Brand Strategy? Or Brand Identity? Let's Review.

We’re all guilty of using jargon and insider short-hand when talking about our areas of expertise. Marketers are perhaps more guilty of this than any other group. As a brand and communication strategist, one of the short-hand terms that I find causes the most confusion is the broad and multitudinous use of the word “brand.”

Sometimes the word is used to reference brand identity; other times, brand strategy; and still other times, it’s used more broadly to encompass the entire brand experience.

We’ve touched on brand experience in other posts. But I find that the difference between brand strategy and brand identity is a critical distinction that often comes up in my conversations with clients. When I get a phone call or email from a client inquiring about Campos’s ability to help with their brand, my first question is always aimed at clarifying the need: Are you looking to define or refine your brand strategy, brand identity or both?

So what’s the real difference between the two?

By way of dictionary definitions, a brand is

A NAME, TERM, DESIGN, SYMBOL, OR OTHER FEATURE THAT DISTINGUISHES AN ORGANIZATION OR PRODUCT.

THE WORD “BRAND” IS OFTEN USED AS SHORT-HAND TO REFER TO A VARIETY OF THINGS.

However, the term is used in many different contexts, sometimes to refer to an organization’s brand strategy, and other times to refer to its brand identity.

A brand strategy defines the purpose of the brand, its aspirations for the position it wants to own in the mind of the target audience. Brand strategy is an internal construct, meant to articulate these ideas to the marketers, communicators and other employees who collectively work to convey the brand strategy to external audiences.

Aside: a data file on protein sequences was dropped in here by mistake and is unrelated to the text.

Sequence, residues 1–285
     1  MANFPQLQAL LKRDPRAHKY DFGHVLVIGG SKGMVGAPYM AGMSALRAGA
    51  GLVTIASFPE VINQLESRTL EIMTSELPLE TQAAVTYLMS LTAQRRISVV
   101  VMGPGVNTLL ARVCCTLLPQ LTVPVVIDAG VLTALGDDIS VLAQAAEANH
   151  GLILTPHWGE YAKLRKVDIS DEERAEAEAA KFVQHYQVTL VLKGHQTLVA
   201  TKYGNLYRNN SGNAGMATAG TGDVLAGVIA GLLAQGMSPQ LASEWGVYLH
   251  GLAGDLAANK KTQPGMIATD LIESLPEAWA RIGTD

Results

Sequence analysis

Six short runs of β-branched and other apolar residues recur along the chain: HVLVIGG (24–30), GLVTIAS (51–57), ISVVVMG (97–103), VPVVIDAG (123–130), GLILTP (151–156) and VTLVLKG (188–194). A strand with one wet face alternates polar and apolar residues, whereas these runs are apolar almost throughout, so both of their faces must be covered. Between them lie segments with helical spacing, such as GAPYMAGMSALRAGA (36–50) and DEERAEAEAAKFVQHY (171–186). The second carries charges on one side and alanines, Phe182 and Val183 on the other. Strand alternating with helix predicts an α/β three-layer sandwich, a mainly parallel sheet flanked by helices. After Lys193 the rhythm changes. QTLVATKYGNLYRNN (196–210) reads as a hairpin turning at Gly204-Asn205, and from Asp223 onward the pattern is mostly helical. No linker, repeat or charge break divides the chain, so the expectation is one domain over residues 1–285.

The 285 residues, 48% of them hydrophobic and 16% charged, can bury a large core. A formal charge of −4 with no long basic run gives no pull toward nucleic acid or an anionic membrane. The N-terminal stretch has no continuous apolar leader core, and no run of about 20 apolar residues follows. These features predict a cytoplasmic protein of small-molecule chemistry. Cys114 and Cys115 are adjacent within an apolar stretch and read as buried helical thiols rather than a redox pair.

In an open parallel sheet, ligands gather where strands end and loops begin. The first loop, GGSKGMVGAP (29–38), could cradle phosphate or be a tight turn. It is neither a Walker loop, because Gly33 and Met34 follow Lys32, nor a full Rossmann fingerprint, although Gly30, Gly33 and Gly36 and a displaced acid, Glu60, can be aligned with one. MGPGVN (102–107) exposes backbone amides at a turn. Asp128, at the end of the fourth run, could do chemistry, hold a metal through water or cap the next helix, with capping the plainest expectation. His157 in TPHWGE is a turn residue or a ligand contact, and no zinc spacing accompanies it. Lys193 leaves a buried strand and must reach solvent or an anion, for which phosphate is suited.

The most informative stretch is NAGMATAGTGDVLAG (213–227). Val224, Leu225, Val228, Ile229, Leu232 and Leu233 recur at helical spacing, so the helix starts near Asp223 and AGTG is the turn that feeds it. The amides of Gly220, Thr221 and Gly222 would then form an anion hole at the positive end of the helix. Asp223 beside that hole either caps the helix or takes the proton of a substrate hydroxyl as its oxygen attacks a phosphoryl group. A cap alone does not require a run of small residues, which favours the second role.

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A brand identity, on the other hand, is one of the many tools available to help communicate the brand strategy externally. Brand identity includes things like logos, tag lines, color palettes—all the creative elements that create the consistent look, feel and voice for the brand in support of the brand strategy.

CASE IN POINT

Let’s look at Target; a textbook example that illustrates how the two are distinct–but also how they can work together to effectively build brand recognition and establish the brand’s position.

The brand strategy lies in the brand’s promise and position.

Promise

We make great design and style affordable.

Position

For the design-conscious value shopper, Target delivers affordably-priced, quality products that inspire shoppers’ sense of style.

This differs from the elements of the brand identity - the bullseye logo, the ‘expect more, pay less’ tagline, the red and white colors, and the vibrant and energetic look and feel that incorporates products and people when possible.

Organizations often jump right to brand identity because it’s tangible, highly visible and easy to understand. However, defining the brand strategy first provides the critical direction for the brand identity and all other elements of the brand experience to ensure the individual pieces effectively work together to make the target audience think and feel the same thing every time they are exposed to your organization or product. Furthermore, without a clearly thought-out and well-defined brand strategy, the organization’s or product’s efforts to resonate emotionally with the target will be fragmented and inefficient.

So when it comes to defining your brand, start by considering what the brand wants to be and stand for, not what it looks like.

Brand PlanningCampos